The boat yard is a very compact little spot north of town, just past the big ship terminals. There are two long piers jutting out into the bay, one for container ships and one for tankers, and just North of the piers you’ll spot the boat yard on your left. They build superbly there, absolutely beautiful small seagoing fishing vessels, up to perhaps 60 feet long, heavily timbered in simply wonderful wood, heavily planked, the framing fastened with galvanized bolts and the planking nailed off with wooden “trunnels” (wedged wooden pegs).

Frame detail of a Sihanoukville fishing vessel

As if that weren’t enough, the little restaurant in the boat yard serves delightful lunches. Even better, they’re great people. I left my day pack on the bench after I ate lunch and rode off to explore to the north for an hour or two. When I realized I’d left my pack behind with diary and map and other precious things inside I hurried back, hoping against hope, but expecting the worst.

Boat builder sawing a timber

When I pulled up in front, parked the bike and went to look below the bench at my table the young waitress of the house came up and lead me to the back of the place (dark and dubious but full of good smells), opened a cupboard and pulled out my pack with an enormous smile. Do go to Sihanoukville. Take a boat ride to an island, buy charcoaled shrimp on skewers from young ladies, watch the sunset with a local beer and a plate of rice and fish (or chicken or pork or whatever you like) and swim in the surf—in between visits to the boat yard.

When you begin to start thinking of buying a house and settling in Sihanoukville, it’s probably time to move on. There is, after all, the entire length of the Mekong River to trace through Cambodia and Laos, not to mention a side trip to Angkor Wat and the amazing (shrinking and growing) lake called Tonle Sap and the river that both feeds it and drains it again.

Phnom Penh River Boat

Phnom Penh River Boat

Phnom Penh

Your first stop North of Sihanoukville should certainly be Phnom Penh, for any number of reasons. Perhaps most importantly, if you are planning to enter Laos, to go to the Lao embassy to get your visa. There are some border crossings where you can obtain a Lao visa on arrival, but the crossing from Cambodia is not one of them, so if you’re going by road, get your visa here. If there are boat yards in Phnom Penh I didn’t see them, though there are some very interesting boats trading back and forth on the Mekong river and the Tonle Sap River, just across the street from the main tourist hotel zone. I got the impression from my guide books that Phnom Penh would be less than nice and, for a city, I think that’s completely unfair. It is as pleasant as any other big city in Asia, with friendly people and fine accommodations. In any event, in Phnom Penh you’re likely to see boats that look very much like the Vietnamese delta boats as well as the first of the true river boats, longer and leaner with their distinctive high bow and stern.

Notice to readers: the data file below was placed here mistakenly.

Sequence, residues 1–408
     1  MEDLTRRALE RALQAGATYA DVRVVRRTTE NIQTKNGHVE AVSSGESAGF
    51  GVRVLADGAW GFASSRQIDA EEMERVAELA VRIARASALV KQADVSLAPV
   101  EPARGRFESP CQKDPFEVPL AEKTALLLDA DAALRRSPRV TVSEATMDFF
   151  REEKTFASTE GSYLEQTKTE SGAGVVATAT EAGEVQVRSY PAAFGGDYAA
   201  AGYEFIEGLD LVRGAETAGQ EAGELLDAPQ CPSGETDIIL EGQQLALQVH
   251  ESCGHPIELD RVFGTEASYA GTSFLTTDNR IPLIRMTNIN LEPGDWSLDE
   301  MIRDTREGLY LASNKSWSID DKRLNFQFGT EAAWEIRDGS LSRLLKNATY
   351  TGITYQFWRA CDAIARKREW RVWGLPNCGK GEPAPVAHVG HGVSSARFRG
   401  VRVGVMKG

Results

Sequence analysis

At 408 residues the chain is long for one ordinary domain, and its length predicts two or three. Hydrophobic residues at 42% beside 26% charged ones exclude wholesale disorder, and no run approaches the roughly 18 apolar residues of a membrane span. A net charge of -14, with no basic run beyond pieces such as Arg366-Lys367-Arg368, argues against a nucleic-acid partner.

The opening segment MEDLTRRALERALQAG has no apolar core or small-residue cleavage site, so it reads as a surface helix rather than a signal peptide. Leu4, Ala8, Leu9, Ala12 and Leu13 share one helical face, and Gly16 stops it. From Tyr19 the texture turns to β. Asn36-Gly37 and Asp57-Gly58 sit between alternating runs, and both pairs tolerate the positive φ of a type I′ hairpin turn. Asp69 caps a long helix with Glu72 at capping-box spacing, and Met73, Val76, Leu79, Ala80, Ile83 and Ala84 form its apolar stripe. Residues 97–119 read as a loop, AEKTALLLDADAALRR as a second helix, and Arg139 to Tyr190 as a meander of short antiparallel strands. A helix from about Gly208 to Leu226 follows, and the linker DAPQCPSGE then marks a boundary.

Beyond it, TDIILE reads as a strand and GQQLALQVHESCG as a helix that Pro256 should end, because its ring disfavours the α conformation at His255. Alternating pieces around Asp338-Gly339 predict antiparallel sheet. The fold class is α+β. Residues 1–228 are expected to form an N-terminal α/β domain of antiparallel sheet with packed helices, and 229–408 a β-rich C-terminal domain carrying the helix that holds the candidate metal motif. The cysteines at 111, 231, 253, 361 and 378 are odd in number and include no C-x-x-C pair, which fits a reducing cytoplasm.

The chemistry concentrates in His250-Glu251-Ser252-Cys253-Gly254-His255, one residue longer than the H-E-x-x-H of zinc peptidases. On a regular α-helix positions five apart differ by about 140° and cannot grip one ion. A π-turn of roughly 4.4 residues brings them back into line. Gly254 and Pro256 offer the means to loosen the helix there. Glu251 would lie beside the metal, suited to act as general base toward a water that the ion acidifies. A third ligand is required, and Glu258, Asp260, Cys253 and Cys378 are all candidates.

Siem Reap

On your way to Siem Reap, the town nearest to Angkor Wat, which I presume you will make the effort to see, you’ll pass either north or south of the Tonle Sap River and Lake, but in the dry season (when I went that way), you won’t see any water from the highway. I confess, I never saw river or lake or any of the thousands of boats on them, but went straight to the Wat by the northern road and then back again to the Mekong and the long, long trek up into northern Laos. Another time. Perhaps in the wet season.

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Cambodian River Canoe

Cambodian River Canoe

The Mekong River Above Phnom Penh

The Mekong River above Phnom Penh is not the quiet delta any more. It’s a narrower river, though still very wide, and even in the dry season it moves a lot of water on to the South. The boats respond by becoming longer and narrower, the farther upstream you go, until, in Northern Laos, they become exquisitely long and slender and slip through the water with hardly any fuss. There’s a magnificent waterfall just across the Laotian border which makes a firm break in the boat styles. There are Cambodian boats downstream and Laotian boats upstream and the two have never met. Years ago the French built a narrow gauge railway around the falls to transship freight, but it is gone now.

The Cambodian towns are strung out along the Mekong like beads on a string and these days, a quite satisfactory road joins them. Sadly it’s often out of sight of the river except at the towns and there is no passenger service on the river any more, the busses are much quicker and cheaper. So your visit to the Cambodian Mekong is likely to be an impression gained at every major town and not much in between. There is a very expensive cruise line running a boat up and down the river, which might be a grand thing to do, but my motorbike and I haven’t done that yet.